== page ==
The low-noise FET front end is gate protected, and shielded double-tuned coils are featured to enhance single-signal reception The crystal oscillator is voltage regulated, and a trimmer allows tight calibration.

Built-in test points assure optimum tune-up. The 2-board receiver (rf and i f/audio) requires 1 3.b V dc at 60-150 rnilliamps and will provide 2 Watts of audio —that's enough for virtually any application!

R85 UHF Receiver

For an additional $20 over the cost of the R75, you can be the proud owner of a UHF receiver with the same excellent specifications as the VHF version.

This UHF receiver affords an excellent opportunity for those ATV experimenters who don't wish to invest in an expensive commercial ly-assem-bled UHF receiver, A matching transmitter will be described shortly.

R110 Aircraft Receiver

With the increased interest among scanner enthusiasts, it isn't surprising that someone has finally offered a VHF aircraft-band receiver The primary hitch that has prevented scanner manufacturers from including the aircraft band in their programmable scanners is the fact that while the land mobile services are all FM, aircraft still tenaciously hold on to the AM mode.

While Regency Electronics now offers their Digital Flight Scan receiver, only Bearcat has both land mobile FM and aircraft AM in one receiver (models BC-220 and BC-300).

The Harntronics R110 receiver kit is an excellent accessory for the owner of FM-only scanners. It is designed for 110-to 130-MHz reception, but can a!so be used on virtually any frequency from 26- to 220MHz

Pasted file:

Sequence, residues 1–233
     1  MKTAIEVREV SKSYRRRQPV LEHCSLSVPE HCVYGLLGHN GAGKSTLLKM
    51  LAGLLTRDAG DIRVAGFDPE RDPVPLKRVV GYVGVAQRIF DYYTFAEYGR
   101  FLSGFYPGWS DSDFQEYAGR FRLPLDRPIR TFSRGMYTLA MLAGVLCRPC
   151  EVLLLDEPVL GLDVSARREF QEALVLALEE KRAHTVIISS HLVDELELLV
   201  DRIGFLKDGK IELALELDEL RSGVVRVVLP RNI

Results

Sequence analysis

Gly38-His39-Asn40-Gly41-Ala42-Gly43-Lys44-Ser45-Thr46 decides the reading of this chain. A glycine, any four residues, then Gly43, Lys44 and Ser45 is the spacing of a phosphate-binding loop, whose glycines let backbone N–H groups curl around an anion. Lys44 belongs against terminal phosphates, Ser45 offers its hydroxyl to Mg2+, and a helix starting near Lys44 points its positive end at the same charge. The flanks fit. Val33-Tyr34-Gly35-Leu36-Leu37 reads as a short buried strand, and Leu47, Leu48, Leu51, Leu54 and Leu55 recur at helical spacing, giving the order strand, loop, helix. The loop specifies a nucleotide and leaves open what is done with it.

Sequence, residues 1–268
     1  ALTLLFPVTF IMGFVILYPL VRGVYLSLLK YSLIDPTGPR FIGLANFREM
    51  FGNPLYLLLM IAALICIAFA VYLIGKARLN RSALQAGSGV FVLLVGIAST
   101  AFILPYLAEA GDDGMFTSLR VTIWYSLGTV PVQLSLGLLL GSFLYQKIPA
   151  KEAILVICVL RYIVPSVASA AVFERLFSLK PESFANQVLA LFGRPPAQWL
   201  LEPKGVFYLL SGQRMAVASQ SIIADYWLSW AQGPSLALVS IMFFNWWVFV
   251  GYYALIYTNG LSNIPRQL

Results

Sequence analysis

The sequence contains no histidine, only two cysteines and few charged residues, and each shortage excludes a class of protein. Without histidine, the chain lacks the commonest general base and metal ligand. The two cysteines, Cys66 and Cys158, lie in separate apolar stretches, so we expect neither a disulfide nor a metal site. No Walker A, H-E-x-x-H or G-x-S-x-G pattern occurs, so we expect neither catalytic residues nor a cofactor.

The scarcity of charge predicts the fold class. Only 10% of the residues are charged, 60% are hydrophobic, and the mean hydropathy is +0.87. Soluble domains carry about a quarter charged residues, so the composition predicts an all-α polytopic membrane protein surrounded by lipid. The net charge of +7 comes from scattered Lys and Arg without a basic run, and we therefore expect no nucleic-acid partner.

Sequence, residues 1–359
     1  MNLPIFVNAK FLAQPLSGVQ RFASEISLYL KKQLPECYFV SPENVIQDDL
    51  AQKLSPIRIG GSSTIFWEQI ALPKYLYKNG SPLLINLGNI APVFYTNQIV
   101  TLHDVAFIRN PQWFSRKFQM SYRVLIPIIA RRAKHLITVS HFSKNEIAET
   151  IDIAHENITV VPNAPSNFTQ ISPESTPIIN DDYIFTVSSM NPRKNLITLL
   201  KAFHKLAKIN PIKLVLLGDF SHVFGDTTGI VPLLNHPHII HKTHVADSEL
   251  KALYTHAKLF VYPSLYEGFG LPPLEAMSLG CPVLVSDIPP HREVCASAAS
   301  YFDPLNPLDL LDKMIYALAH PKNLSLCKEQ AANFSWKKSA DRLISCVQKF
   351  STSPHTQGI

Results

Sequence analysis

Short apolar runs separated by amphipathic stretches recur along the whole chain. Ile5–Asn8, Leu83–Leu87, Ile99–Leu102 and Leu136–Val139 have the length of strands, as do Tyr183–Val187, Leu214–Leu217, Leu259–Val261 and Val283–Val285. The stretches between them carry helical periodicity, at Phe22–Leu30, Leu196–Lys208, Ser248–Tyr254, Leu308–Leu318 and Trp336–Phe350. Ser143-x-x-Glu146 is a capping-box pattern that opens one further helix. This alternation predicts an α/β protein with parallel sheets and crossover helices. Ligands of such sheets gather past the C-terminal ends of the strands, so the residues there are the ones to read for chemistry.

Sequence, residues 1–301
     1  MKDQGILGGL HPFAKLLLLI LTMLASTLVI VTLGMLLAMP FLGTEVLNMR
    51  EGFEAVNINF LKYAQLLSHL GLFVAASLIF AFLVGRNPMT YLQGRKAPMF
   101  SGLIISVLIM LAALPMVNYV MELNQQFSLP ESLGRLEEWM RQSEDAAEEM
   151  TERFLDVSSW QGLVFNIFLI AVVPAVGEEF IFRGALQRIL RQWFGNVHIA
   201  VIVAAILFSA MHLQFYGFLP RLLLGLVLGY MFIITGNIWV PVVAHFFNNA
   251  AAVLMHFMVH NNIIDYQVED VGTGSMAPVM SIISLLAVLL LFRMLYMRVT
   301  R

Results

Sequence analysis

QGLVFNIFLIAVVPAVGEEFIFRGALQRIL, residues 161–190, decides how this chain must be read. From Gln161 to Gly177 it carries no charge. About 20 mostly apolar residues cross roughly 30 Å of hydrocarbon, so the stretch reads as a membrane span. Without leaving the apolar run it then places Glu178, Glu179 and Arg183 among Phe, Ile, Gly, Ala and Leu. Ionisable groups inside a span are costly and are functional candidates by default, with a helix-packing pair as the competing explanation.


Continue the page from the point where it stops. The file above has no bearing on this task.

Sensitivity is 0.2 microvolts for 10 dB signal-plus-noise to noise — (5 + NjN Selectivity is not particularly a problem in the aircraft band, so the receiver has moderate selectivity.

The R110 features 2 V\ atts of audio, squelch, S-meter output, rf age circuitry, and a dual-gate MOSFET front end Itisvir-

Kit Transceiver Meter Band

Photo C. R75 VHF single-channel receiver —a hot performer.

, ¡f tually the same receiver kit as the R75, and sells for $74.95.

Preamplifier Kits

Not all receivers have the degree of sensitivity we would like. For that reason, Harntronics offers a fine series of receiving preamplifiers to bring up the apparent sensitivities of those questionable front ends. Basically, all a pre-amp needs to do is to bring a weak signal up to a level that can ride over a receiver's inherent noise, and the job is done.

For receiving applications in the 20-to-230MHz range, the P8 will probably fill the bill. It has two J-FETs in cascade, providing 20- to 25-dB gain with only 2.5 dB of noise! And it will continue to provide that gain within 6 dB with frequency excursions as much as 3% off center frequency.

One possible application of a preamp like the P8 is in the extension of frequency coverage of programmable scanner radios. It is well known that a listener can pick up images of frequencies lower than he can tune, but their signal levels are way down.

Suppose that you would like to hear the ATS satellite at 1 35.575 MHz; no programmable scanner covers that range in the FM mode. By using the P8 preamp tuned to that frequency, you would be able to pick up the image frequency (roughly 217-MHz higher) on your scanner! Simply double the i-f frequency and add that number to the received signal frequency. With Regency and Radio Shack programmables (10.7-MHz i-f), simply add 21.4 MHz (ATS would be tuned in at 156,976), For Bearcats, i-fs may be 10.8 or 10,85 MHz, so you would add 21.6 or 21,7 MHz, It's that simple.